Tuesday, February 5, 2013

Safety Not First

As a parent, I obviously care deeply about the welfare of my children. I do not want them to get hurt, and it bothers me greatly to see them in any kind of pain. I try to keep them out of harm's way in order to avoid such things.

However, I also realize that pain is a necessary part of life, and that it teaches and informs us. To withhold it entirely from my children would be to deprive them of important lessons. Now, this doesn't mean I pull out whips and chains and beat the kids to teach them or anything nearly so psychotic. No, I don't advocate inflicting pain on children. But I do advocate letting them experience it as a result of their actions. I do advocate allowing them to enter into situations where they might be mildly hurt, situations involving some level of risk or failure, in order to teach them how to deal with pain and failure.

This is an opinion I hold that seems to be at odds with many (maybe most) parents I have met. I let my kids ride their scooters without protective gear, for instance, which some parents would say is irresponsible. However, my kids have learned how to be a lot more careful and mindful of their actions while riding their scooters than I think they otherwise might have been. My older son, who was quite reckless and willing to charge head first into walls as a toddler, now has a pretty good understanding that if he does things like that, it will hurt.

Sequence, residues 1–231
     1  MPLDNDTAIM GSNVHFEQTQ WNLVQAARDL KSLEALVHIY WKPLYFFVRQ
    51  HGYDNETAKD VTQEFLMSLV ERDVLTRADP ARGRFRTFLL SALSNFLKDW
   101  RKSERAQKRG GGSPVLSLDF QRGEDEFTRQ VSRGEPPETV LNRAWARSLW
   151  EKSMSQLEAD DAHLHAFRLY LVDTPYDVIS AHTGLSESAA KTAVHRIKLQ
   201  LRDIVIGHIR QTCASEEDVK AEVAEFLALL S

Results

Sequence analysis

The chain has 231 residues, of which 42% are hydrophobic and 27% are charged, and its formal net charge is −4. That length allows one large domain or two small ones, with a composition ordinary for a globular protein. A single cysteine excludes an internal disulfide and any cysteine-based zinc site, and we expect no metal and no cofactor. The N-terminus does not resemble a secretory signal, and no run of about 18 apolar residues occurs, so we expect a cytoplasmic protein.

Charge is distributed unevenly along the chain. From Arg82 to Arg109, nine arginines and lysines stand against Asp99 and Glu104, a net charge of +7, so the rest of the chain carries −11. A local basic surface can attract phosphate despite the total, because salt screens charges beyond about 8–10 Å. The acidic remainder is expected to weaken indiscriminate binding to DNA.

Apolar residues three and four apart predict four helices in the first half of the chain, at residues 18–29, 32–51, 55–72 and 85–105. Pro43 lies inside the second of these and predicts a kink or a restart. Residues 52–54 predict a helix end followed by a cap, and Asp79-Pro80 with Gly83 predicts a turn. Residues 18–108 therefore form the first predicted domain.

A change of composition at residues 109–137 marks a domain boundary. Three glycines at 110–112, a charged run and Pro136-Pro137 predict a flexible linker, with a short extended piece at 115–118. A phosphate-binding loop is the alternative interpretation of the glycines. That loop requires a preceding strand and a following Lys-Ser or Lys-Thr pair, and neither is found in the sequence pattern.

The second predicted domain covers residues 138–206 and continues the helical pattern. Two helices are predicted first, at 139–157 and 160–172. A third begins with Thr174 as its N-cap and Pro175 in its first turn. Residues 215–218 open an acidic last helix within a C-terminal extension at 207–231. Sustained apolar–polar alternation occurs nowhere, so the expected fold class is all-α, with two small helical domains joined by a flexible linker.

Maybe you're reading this and thinking, well of course pain teaches lessons, but a parent's role is to make sure his child is safe until the child is able to do so for himself. To a degree, this is true, but I believe a more important role for a parent is to teach his child to reach that level. It must be a balance. You can't stick your kid in the wilderness and tell him to fend for himself without guiding him and training him first. But you also can't expect him to learn how to fend for himself if you keep him tucked away in safety.

It is difficult, as a parent, to let your child walk into a situation that you know is dangerous, but I believe that just as a parent must be aware of when the risk is too great for the child, he must also know when the risk is work taking. Far too often, parents err on the side of caution. That is the better side to err on, but it is still an error, and we should work to correct our errors.

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